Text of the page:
New Delhi, February 1: Researchers, using computer modelling, have calculated that up to 75,800 individuals may have contracted the novel coronavirus in the Chinese city of Wuhan as of January 25, a number that is far greater than the official estimate of 1,300 infected people.
According to the study, published in the journal The Lancet, given the lack of a robust and detailed records of suspected, probable, and confirmed cases of the novel coronavirus infection (2019-nCoV), the true size of the epidemic, and its pandemic potential remain unclear.
“Not everyone who is infected with 2019-nCoV would require or seek medical attention. During the urgent demands of a rapidly expanding epidemic of a completely new virus, especially when system capacity is getting overwhelmed, some of those infected may be undercounted in the official register,” explained study senior author Gabriel Leung from the University of Hong Kong.
The discrepancy between the model’s estimates of the coronavirus infections, and the actual number of confirmed cases in Wuhan may be due to several factors such as the time lag between infection and symptom onset, delays in infected persons coming to medical attention, and time taken to confirm cases by laboratory testing, the researchers said. According to the new estimate, multiple major Chinese cities might have already imported dozens of cases of 2019-nCoV infection from Wuhan, in numbers sufficient to initiate local epidemics.
“If the transmissibility of 2019-nCoV is similar nationally and over time, it is possible that epidemics could be already growing in multiple major Chinese cities, with a time lag of one to two weeks behind the Wuhan outbreak,” said study lead author Joseph Wu from the University of Hong Kong. “Large cities overseas with close transport links to China could potentially also become outbreak epicentres because of substantial spread of pre-symptomatic cases unless substantial public health interventions at both the population and personal levels are implemented immediately,” Wu added.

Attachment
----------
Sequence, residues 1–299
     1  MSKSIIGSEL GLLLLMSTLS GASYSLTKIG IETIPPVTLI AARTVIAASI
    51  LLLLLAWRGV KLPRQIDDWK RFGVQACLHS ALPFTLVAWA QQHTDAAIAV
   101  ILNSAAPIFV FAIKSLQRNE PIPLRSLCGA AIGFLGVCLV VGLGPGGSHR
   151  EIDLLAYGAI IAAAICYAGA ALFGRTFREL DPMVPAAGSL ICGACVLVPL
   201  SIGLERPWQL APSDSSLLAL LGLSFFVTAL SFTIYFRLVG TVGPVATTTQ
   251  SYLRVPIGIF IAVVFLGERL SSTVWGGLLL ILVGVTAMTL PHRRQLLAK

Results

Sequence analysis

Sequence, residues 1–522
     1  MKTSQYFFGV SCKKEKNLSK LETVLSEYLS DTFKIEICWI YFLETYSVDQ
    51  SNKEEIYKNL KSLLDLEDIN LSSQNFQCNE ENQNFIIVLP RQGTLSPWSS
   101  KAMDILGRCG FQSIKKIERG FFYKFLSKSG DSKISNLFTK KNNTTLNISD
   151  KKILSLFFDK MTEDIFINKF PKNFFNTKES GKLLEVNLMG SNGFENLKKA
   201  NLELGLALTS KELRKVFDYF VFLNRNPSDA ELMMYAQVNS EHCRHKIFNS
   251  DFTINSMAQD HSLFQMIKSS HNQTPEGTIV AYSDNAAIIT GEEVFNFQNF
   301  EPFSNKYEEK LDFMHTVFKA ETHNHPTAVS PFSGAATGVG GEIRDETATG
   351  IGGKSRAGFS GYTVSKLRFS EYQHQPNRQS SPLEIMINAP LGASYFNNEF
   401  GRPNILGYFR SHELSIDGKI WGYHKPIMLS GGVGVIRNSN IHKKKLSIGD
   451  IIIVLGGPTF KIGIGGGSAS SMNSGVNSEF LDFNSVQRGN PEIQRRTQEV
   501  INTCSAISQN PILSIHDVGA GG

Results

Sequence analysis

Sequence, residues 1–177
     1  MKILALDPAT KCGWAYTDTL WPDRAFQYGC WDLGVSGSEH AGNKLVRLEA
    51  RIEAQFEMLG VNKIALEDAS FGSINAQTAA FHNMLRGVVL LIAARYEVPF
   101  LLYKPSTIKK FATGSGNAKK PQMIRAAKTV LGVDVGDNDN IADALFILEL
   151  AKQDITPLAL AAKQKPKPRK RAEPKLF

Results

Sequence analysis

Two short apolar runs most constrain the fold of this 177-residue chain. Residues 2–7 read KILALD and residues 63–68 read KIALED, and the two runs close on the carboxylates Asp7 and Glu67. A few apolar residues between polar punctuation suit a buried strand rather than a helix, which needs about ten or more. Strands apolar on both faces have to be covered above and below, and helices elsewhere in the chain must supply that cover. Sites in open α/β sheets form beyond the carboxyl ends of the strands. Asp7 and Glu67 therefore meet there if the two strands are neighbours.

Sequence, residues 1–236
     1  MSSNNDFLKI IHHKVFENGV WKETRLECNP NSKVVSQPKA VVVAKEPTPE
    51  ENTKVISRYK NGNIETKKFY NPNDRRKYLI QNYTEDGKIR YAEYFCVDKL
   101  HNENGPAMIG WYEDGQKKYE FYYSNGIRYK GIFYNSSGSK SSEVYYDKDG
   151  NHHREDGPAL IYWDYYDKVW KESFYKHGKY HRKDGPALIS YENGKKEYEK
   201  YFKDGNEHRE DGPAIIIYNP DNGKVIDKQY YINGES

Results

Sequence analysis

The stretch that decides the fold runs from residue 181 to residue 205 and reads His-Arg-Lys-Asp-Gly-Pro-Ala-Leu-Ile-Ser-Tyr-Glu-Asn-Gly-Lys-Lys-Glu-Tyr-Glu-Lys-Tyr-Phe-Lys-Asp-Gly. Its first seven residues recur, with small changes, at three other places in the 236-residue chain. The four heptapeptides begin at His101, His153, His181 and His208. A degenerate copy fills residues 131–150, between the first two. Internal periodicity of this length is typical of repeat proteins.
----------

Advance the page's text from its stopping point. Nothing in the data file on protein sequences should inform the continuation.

In the study, the scientists used mathematical modelling to calculate the size of the epidemic based on officially reported 2019-nCoV case data, and domestic as well as international travel data. They assumed that the time it takes for infected individuals to infect other people for 2019-nCoV was the same as for severe acute respiratory syndrome (SARS) — also caused by a pathogen in the coronavirus family. In their estimate, the researchers also modelled potential future spread of 2019-nCoV in China and internationally, accounting for the potential impact of various public health interventions implemented in January 2020.
These interventions included the use of face masks, and increased personal hygiene, and the quarantine measures introduced in Wuhan on January 23. Based on these calculations, the researchers said that in the early stages of the Wuhan outbreak — from December 1, 2019 to January 25, 2020 — each person infected with could have spread the virus to 2-3 other individuals on average. They added that the epidemic doubled in size every 6.4 days, likely infecting 75,815 individuals in Wuhan during this period.
According to the study, cases of 2019-nCoV infection may have spread from Wuhan to multiple other major Chinese cities as of January 25, including Guangzhou (111 cases), Beijing (113), Shanghai (98), and Shenzhen (80). The scientists said taken together these cities account for more than half of all outbound international air travel from China. With their analysis, the researchers believe that the quarantine in Wuhan may not have the intended effect of halting the epidemic.
If transmissibility of the virus could be reduced by a fourth in all Chinese cities with expanded control efforts, both the growth rate and size of local epidemics could be substantially reduced, they added. A 50 per cent reduction in transmissibility, the team said, may shift the current 2019-nCoV epidemic from one that is expanding rapidly, to one that is slowly growing.
The researchers urged authorities worldwide to ready preparedness plans and mitigation interventions for quick deployment, including securing supplies of test reagents, drugs, personal protective equipment, hospital supplies, and human resources